The Nottingham Lab’s work on pear IPM was the feature spread in the September 2021 issue of the Good Fruit Grower. Check it out!
March 10, 2021
Leafhopper Deterrence Linked to X Disease Management
WSU entomologists and industry partners learn about X disease vectors to help the cherry industry optimize management. Work by the Nottingham lab on insecticide efficacy (“catching lots of wild leafhoppers and trying to keep them alive long enough to kill them”) and systemic insecticides applied via soil drench is highlighted.
February 8, 2021
Psylla will soon be on the move!
Louis Nottingham and Robert Orpet wrote an article in the February 2021 edition of ‘Tree Fruit News’ reminding growers to start preparing dormant sprays of kaolin clay (Surround) to deter pear psylla colonization in the orchard. A dormant Surround spray will provide the first line of defense to keep psylla from entering your orchard. The optimal time to make this first Surround application depends on weather, but here is a good rule of thumb: if it is warm and dry enough for you to safely spray, go for it – psylla are probably colonizing your orchard!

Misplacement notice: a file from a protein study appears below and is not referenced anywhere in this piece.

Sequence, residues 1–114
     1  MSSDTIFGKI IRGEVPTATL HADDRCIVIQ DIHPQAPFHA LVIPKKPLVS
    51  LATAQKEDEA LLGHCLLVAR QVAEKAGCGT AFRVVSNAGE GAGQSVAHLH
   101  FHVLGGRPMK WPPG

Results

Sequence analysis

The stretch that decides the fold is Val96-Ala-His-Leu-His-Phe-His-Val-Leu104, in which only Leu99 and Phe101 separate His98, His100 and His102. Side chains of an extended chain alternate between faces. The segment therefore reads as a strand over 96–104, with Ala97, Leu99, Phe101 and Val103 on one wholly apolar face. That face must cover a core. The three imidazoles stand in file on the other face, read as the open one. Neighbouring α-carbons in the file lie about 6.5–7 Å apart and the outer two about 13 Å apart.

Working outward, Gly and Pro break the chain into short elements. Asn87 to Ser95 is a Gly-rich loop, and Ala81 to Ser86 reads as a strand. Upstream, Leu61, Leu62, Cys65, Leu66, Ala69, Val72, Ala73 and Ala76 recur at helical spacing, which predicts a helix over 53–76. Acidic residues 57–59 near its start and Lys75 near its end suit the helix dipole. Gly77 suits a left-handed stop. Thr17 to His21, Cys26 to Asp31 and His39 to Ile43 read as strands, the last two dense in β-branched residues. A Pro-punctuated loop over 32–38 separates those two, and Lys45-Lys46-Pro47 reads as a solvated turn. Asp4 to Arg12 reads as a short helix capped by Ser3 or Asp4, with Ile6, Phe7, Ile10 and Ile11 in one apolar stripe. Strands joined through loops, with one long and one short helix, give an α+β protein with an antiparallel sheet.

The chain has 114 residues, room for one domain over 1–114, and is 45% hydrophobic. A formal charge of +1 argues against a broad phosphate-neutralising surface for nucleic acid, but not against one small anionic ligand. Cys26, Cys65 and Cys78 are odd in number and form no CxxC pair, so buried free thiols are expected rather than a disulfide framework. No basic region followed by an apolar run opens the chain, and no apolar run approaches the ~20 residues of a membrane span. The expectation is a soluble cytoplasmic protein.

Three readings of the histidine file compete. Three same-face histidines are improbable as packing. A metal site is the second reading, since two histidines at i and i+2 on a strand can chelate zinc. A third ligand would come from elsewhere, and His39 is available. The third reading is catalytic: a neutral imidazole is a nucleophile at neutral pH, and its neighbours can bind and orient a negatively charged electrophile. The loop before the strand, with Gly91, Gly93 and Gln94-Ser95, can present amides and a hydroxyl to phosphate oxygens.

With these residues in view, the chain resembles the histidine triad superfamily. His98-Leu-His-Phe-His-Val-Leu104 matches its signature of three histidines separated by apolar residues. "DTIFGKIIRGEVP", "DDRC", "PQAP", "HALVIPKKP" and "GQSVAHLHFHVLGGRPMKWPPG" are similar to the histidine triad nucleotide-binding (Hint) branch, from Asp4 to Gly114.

Click the pic to learn more.
November 19, 2020
Orpet and Nottingham article in ‘Fruit Matter’s Newsletter’ about potential for Surround applied in the fall for pear psylla management.
Kaolin clay (Surround WP) is a white sprayable powder that discourages pear psylla from laying eggs on pear trees by creating a physical barrier over the tree’s surface. If sprayed early in the season, the white coating could also deter psylla from colonizing orchards, possibly due to repellency of reflected UV light to insects. Kaolin is more persistent on trees than most insecticides, especially when used with a spreader-sticker (check labels for compatibility and mixing instructions), and it has low risk of harming natural enemies because it is non-toxic.